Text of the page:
Market Bulletin - Writing on the wall?
The pound slipped on political worries, but globally stocks broke new ground as investors focused on larger issues.
The prime minister could surely be forgiven a little self-pity after the ordeal that was her Conservative Party Conference speech last week. She might have got over the prankster handing her a P45 (‘from Boris’) and perhaps even the persistent cough that interrupted her delivery. But when the letters of the party motto started dropping down behind her, it felt like the writing was (mostly) on the wall. Even some Tory MPs believed that little of her credibility remained at the end of the day – one former minister went on record to say so.
Traders apparently shared their concerns. The pound quickly fell more than 2% after the speech and refused to arrest its descent over the remainder of the week. However, the weaker pound did at least help stocks, as Tesco posted encouraging results – the FTSE 100 ended up 2%, close to an all-time high. The yield on 10-year gilts rose over the five-day period. Beneath the headlines, the prime minister promised £10 billion for homebuyers and pledged a tuition fee freeze.
Yet there was much for markets to worry about beyond the prime minister’s speech. Ahead of the release of a report by the Office for Budget Responsibility (OBR), it emerged that the chancellor is due to lose around two thirds of his budgetary slack (which currently amounts to £24 billion). The OBR report will say that it has overestimated UK productivity gains for seven consecutive years and is therefore dialling down its forecast this time around – even though in August the UK posted its lowest budget deficit since before the global financial crisis. The institute has already estimated that Brexit will cut the public finances by £15 billion a year to 2021.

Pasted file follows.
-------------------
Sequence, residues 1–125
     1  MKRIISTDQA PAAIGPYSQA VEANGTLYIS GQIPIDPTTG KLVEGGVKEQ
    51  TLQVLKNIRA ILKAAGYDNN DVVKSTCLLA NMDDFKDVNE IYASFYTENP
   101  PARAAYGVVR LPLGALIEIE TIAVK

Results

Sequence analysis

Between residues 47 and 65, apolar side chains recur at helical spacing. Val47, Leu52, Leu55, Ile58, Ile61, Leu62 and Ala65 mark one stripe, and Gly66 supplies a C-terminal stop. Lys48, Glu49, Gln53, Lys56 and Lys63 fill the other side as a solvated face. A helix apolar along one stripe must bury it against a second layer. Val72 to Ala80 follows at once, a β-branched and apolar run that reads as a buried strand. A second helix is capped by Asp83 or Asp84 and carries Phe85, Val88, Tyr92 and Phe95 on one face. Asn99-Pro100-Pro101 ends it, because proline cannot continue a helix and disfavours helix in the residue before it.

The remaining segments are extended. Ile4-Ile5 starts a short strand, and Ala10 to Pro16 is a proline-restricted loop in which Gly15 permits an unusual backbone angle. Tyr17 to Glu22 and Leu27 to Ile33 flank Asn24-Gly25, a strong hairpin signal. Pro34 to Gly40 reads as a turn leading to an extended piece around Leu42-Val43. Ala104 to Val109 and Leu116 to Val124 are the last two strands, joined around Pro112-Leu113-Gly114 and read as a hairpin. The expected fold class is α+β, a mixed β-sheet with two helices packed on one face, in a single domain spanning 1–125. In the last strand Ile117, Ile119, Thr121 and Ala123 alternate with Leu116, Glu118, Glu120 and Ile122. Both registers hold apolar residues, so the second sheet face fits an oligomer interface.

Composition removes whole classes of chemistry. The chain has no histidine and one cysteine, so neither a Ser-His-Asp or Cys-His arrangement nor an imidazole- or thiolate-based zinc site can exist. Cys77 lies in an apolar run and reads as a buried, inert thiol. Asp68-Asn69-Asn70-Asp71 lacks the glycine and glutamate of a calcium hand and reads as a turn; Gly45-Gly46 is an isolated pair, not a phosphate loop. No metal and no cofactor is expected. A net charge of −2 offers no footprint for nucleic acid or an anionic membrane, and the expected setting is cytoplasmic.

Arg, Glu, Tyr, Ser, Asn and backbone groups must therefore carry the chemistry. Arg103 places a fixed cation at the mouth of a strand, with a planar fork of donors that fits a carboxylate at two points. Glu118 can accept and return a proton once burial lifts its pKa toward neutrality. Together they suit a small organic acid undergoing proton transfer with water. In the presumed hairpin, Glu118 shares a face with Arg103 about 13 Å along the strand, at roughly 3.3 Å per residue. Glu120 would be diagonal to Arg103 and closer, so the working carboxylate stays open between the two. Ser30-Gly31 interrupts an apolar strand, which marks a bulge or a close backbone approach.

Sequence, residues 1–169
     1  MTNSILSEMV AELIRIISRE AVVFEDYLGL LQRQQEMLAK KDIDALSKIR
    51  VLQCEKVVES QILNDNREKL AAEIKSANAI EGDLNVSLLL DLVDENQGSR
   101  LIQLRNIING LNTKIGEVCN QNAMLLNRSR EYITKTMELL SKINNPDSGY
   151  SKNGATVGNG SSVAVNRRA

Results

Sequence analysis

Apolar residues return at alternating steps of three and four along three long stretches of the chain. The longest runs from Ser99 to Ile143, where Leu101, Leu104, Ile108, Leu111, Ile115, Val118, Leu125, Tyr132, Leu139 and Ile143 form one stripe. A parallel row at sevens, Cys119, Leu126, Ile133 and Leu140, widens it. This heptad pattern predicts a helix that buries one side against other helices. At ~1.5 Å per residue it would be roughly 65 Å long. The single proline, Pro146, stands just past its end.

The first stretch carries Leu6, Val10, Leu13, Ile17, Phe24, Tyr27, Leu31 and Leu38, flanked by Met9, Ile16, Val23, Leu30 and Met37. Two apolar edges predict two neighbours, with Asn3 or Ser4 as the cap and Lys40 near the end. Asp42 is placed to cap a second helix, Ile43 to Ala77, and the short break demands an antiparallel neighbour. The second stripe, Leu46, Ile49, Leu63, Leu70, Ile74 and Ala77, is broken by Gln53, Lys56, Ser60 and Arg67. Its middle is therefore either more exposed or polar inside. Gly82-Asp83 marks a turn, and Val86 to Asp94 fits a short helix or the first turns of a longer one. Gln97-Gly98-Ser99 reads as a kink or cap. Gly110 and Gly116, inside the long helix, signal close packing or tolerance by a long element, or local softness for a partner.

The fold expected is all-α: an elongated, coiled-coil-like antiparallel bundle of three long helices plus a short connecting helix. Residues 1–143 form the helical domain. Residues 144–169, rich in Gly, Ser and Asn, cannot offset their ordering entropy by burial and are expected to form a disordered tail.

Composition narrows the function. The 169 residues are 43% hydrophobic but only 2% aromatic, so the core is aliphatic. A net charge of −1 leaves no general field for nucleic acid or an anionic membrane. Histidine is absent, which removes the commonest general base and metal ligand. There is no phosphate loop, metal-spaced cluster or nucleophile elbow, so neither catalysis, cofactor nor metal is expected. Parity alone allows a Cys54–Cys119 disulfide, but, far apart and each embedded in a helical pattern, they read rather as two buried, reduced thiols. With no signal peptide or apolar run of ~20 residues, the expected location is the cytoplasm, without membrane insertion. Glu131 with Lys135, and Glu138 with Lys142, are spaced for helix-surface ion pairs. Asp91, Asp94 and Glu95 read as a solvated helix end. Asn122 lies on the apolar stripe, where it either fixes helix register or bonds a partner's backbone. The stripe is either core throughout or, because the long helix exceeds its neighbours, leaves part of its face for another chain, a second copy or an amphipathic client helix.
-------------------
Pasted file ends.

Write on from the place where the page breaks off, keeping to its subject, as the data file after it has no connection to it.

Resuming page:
Meanwhile, the Bank of England warned that lending to businesses could dry up after Brexit because not enough preparations are being made by companies in the EU to continue operating in the UK after March 2019, given the reauthorisations required post-exit. The London Mayor added his own warnings.
Indicators in the UK did not help the wider mood. Construction indicators suffered their first dip in 13 months – a construction recession could be imminent, according to the latest estimates. There was also a slowdown in UK manufacturing. Services, however, expanded modestly, although new business growth struck a 13-month low. In a report published last week, Capital Economics calculated that the current figures point to headline growth remaining sluggish in the third quarter: “Nonetheless, household spending may have regained some momentum, with retail sales volumes posting a solid rise in August… with survey indicators pointing to export and business investment growth picking up pace, the economy could see a slight acceleration over the coming quarters.”
Yet if politics obstructed the view in the UK, investors globally were largely focused on other issues. September was the 11th consecutive month (i.e. since Trump’s election victory) in which the S&P 500 avoided posting a negative return – since 1928 some 38% of months have seen a decline. One more month of gains and it will be the longest run in almost 90 years.